Monday, 12 September 2011
200209 A/Cpl Archie Walter Parker, 4th Suffolk Regt
I never met Archie Parker, but I received several letters from him in 1987 and 1988 and the following extracts are taken from these.
"My name is Archie Walter Parker and I was born in Ipswich, Suffolk on the 20th September 1895. I joined the 4th Battalion, Suffolk Regiment in 1912. Our drill hall was at Ipswich so it was easy to go there from our homes. We used to go about two nights a week which was very handy. I joined them because they were only territorials and we had regular work to go to. I was in the local A Company and my number was 1630, later 200209.
[The 1911 census shows Archie living at 65 Rendlesham Road, Ipswich with his parents Albert William Parker (aged 43), Emma Parker (aged 40) and eight siblings. Millicent, at 21, was the eldest, whilst Arthur Wilfred Parker, at nine months, was the youngest. Fifteen-year-old Archie was working as a boot packer for a boot manufacturer.]
"In 1914 we went to Yarmouth for camp for a fortnight - as we thought - and then the war broke out so we had to come back to Ipswich to be mobilized at our drill hall. We went to Felixstowe, doing duty on the coast, and our billet was a large golf house from which the golfers had had to leave in a hurry, leaving a lot behind. We were then relieved and we went in the country to sleep in the fields. One was in Tiptree in Essex, near a strawberry field. Then we went to Colchester, having to march about ten miles to the Severalls Hospital which was then a lunatics' hospital. We slept in tents there and we had to run around the hospital twice before breakfast. We used to march down to Colchester and do sentry duty at an officers' billets and we used to go out to a village called Elmstead to train doing trench building and the like.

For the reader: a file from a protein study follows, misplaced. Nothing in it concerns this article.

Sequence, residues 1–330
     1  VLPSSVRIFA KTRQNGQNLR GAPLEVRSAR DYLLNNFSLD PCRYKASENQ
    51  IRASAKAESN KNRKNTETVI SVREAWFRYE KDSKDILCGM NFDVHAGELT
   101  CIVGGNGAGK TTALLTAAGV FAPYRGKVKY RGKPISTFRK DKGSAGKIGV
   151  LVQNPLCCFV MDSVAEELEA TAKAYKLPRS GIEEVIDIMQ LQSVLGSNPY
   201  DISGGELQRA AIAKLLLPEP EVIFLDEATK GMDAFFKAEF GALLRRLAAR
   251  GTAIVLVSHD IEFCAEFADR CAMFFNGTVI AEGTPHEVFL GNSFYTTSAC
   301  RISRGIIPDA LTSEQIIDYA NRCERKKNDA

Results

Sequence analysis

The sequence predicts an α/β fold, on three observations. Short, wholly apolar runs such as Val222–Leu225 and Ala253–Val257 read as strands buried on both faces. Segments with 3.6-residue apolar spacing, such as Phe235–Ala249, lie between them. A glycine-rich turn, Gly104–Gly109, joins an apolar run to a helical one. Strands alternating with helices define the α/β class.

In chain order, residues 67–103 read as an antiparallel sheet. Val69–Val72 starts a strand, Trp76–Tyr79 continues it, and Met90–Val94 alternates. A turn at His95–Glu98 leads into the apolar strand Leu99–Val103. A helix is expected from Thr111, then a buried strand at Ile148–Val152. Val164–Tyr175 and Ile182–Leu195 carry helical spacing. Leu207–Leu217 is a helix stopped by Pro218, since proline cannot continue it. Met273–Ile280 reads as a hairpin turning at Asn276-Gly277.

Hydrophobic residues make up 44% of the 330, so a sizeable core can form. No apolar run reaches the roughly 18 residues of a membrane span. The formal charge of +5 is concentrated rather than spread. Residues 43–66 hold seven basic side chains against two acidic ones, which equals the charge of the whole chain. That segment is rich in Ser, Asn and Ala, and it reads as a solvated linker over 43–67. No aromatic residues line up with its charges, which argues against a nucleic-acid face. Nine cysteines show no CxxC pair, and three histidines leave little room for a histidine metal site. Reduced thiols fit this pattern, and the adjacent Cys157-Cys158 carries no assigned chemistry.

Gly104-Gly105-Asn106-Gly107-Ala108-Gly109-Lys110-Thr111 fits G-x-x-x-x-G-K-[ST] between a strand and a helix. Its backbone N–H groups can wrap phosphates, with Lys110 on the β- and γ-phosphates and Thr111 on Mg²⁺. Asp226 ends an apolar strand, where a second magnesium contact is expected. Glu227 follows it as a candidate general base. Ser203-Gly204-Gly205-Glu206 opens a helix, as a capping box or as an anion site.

"One day our officers asked who would volunteer to go to Egypt, Malta or Gibralter. Many of us did and we ended up on an old cattle steamer at Southampton. We landed in Le Havre, France, and what a surprise! We could do nothing about it, there it was. We marched up a steep hill and went into tents where there were some troops who had been wounded. I met a soldier there who had been wounded and was from Ipswich, and afterwards both he and I worked for the same firm. Then we went by train to Rouen for about two nights, and then to St Omer. This was the British Headquarters where General Roberts died and my brother, who was a sergeant, went down to the station as a bearer.
[Archie's brother was 1100 Sergeant William George Parker, later 83371 CQMS Machine Gun Corps, and later still RQMS MGC]